Natura sin Barrerasby David Barlew, Jr. on 02/26/14
While many people take joy from spending time in the great outdoors, natural environments such as forests, mountainsides, and beaches can be difficult or impossible for individuals with mobility issues to access. Rock formations, loose sand, uneven terrain, and other obstacles all present problems for physically-disabled, nature-loving individuals who want to get out and experience the wonder of the natural world.
In recent years, though, I have visited a number of beautiful, natural places where efforts have been made to make wild environments accessible to everyone regardless of physical ability. Through the installation of walkways, decked surfaces, and ramps, diverse landscapes ranging from tropical beaches to Appalachian hillsides to Slash Pine forests have been opened to individuals with physical disabilities.
The Kendeda Canopy Walk at the Atlanta Botanical Garden in Atlanta, Georgia offers visitors of all abilities the opportunity to pass through the high canopy of a broadleaf, humid subtropical forest typical of the southeastern United States.
The walkway winds its way through "the branches of oaks, hickories, and poplars" (Atlanta Botanical Garden).
It also provides ample seating along its length through the forest's many tree trunks and branches.
The Kendela Canopy Walk is an attractive, elegant structure, and, according to the Atlanta Botanical Garden website, it is also the only "canopy-level walkway of its kind in the United States" (Atlanta Botanical Garden).
A similar, though much longer, structure has been constructed to the north in Chattanooga, Tennessee.
The South Chickamauga Creek Greenway in East Chattanooga weaves its way between trees and against steep rock faces as it follows the meandering course of South Chickamauga Creek below.
The greenway allows visitors to observe both forest and wetland wildlife while travelling along the sloped side of a ridge that rises out of the creek. Rock formations, trees, shrubs, wildflowers, and other natural elements are readily visible along the elevated, wooden path.
The greenway provides a smooth, easily travelled passageway through otherwise difficult terrain and opens the beauty of South Chickamauga Creek and its environs to everyone.
Equally challenging terrain has been made accessible by the East Slough ADA Hiking Trail at Julian G. Bruce Saint George Island State Park in Eastpoint, Florida. The hiking trail creates an accessible path from sun-kissed sand dune beaches along the Gulf of Mexico through native pine flatwood forest to the green marshlands of Apalachicola Bay.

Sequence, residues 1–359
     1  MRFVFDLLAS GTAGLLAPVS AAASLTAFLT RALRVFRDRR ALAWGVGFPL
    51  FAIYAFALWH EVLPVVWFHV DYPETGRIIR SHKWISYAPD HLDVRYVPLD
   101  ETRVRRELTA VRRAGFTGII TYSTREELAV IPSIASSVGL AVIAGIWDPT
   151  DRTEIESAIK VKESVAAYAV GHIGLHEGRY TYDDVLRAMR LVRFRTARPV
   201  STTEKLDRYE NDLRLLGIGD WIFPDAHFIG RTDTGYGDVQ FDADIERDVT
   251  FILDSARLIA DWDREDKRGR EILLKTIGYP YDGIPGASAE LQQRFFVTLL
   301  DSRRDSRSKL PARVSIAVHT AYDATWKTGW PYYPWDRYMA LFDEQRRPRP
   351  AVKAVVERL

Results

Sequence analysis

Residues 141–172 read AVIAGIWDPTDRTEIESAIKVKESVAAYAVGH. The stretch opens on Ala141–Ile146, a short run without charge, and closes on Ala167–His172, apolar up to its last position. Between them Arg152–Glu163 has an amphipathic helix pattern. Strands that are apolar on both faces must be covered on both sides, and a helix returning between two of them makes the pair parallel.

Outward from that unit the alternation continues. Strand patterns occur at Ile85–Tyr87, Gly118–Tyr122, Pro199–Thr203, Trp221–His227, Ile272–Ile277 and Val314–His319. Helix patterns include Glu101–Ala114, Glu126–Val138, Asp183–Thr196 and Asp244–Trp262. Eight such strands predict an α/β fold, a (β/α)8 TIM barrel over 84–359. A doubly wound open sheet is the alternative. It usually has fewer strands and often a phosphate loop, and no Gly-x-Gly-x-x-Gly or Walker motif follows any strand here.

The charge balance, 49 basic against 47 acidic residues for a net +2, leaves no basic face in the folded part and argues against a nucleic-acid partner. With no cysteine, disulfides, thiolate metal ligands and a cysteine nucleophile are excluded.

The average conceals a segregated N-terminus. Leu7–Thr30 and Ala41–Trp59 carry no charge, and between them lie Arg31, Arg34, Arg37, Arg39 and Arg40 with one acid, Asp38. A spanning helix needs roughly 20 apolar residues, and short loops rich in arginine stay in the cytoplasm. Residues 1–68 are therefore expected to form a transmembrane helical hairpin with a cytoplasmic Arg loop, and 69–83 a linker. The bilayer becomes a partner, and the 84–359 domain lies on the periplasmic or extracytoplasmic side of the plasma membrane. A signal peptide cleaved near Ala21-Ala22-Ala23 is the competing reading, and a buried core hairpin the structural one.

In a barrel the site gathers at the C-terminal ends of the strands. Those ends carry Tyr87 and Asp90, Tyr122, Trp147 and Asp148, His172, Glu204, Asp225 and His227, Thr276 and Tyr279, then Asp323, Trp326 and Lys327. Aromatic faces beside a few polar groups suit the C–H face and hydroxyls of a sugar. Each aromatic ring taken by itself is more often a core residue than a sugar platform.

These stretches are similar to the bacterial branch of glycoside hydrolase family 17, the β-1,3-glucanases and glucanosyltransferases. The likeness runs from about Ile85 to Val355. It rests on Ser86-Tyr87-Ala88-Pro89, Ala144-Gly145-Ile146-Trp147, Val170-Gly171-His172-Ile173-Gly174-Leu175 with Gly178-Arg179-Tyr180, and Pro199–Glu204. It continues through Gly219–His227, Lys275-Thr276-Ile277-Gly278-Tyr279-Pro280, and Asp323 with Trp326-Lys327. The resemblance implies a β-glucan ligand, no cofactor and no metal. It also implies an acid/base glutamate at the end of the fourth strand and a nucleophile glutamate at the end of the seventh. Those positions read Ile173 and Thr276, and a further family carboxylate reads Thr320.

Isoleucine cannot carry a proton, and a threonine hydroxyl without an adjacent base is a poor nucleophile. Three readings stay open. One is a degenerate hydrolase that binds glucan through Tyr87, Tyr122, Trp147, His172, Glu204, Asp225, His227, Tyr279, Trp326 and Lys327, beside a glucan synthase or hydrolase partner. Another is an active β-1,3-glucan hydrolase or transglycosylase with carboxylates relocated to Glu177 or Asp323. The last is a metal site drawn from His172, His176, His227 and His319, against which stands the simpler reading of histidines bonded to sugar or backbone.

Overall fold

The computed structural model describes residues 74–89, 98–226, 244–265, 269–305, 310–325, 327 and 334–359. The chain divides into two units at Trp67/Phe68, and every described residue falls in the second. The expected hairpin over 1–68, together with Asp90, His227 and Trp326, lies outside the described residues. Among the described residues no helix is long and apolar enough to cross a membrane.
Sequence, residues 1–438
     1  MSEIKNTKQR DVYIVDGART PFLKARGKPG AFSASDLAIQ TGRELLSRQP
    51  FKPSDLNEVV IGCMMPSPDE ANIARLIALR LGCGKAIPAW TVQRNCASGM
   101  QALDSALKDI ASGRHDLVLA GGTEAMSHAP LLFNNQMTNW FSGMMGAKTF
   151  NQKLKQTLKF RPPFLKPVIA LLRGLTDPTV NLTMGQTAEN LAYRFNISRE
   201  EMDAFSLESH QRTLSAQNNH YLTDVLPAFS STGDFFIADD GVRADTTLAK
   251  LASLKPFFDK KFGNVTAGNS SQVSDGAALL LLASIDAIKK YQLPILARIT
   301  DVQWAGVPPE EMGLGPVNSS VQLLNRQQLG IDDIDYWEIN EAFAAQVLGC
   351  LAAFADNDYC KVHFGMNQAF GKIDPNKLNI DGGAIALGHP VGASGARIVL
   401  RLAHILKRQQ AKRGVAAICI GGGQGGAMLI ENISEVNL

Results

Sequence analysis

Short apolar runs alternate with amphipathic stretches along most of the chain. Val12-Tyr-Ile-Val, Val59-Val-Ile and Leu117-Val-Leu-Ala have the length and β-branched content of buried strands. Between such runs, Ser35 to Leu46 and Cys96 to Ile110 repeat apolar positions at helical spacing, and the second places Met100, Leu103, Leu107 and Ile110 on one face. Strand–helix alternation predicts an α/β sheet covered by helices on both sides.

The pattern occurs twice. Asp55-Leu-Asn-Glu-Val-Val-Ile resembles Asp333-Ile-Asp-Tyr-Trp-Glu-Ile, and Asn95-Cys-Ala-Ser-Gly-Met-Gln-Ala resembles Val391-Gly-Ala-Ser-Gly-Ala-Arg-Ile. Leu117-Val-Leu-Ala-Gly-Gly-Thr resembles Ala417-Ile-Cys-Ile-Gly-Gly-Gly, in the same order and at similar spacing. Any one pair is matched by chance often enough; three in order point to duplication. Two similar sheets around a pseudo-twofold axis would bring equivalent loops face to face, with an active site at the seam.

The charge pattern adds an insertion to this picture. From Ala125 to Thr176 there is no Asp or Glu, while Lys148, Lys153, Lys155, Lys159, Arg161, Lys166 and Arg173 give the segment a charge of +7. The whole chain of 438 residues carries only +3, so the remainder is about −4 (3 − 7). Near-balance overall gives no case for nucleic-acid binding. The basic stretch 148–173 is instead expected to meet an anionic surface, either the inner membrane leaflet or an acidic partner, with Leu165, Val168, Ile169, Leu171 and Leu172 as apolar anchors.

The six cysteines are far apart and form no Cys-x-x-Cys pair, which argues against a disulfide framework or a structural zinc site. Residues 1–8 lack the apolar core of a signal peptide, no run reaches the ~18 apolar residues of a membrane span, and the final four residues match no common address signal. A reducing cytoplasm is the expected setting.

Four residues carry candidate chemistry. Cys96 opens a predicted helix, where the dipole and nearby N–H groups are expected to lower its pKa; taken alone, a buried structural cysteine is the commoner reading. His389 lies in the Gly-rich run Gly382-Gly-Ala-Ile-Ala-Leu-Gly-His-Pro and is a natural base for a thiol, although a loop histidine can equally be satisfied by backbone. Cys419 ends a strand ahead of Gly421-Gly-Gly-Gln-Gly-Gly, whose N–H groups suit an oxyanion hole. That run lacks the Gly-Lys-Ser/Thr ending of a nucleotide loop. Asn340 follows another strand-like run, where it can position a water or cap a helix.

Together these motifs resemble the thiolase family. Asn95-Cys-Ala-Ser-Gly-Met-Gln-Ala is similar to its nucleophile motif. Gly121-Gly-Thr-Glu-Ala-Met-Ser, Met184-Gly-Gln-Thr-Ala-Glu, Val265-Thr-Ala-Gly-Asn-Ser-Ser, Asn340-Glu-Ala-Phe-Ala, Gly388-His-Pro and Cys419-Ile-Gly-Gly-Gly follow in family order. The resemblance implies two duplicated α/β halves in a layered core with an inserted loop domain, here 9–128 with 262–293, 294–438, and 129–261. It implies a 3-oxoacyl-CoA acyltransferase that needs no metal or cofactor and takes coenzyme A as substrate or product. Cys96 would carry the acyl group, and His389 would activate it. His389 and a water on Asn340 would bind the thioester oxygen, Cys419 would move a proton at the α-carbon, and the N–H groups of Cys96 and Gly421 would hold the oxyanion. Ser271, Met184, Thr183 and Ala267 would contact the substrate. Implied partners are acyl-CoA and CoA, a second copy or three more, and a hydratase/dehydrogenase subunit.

Passing through the light shade of tall Slash Pine trees overhead, the ADA-accessible boardwalk trail allows visitors of all abilities to see the native evergreens, grasses, cacti, and marshlands representative of the Gulf Coast ecosystem.
Another installation farther to the South in Luquillo, Puerto Rico allows individuals in wheelchairs to access the warm waters of the Atlantic Ocean.
Known as el Mar sin Barreras (translation: Sea without Barriers), this accessible beach facility is located at el Balneario de Luquillo on the northeastern coast of Puerto Rico. As far as I know, this is the only beach on Earth where individuals in wheelchairs can enter the Atlantic Ocean in a conventional wheelchair.
The picture above was taken at low tide, but, at other times, the water comes right up to the ramp and submerges the beach-level landing.
El Balneario de Luquillo also features wheelchair accessible picnic pavilions, concession stands, and shower facilities, making the entire public facility handicap accessible.
Although natural environments such as beaches and forests can present challenges to individuals with physical disabilities, it is nice to see that efforts are being made to open the beauty of nature to everyone regardless of physical ability. Thanks to the installation of accessible infrastructure such as ramps, boardwalks, and smooth surfaces, physically-disabled, nature-loving individuals now have the opportunity to access the wonder of the natural world.
Written by David Barlew, Jr.
All photographs by David Barlew, Jr.
"Kendela Canopy Walk”. Atlanta Botanical Garden. Web. 25 February 2014. http://atlantabotanicalgarden.org/plan-your-visit/map-locations/kendeda-canopy-walk.
"Dr. Julian G. Bruce St. George Island State Park”. Florida State Parks. Web. 25 February 2014. http://www.floridastateparks.org/stgeorgeisland/activities.cfm#22.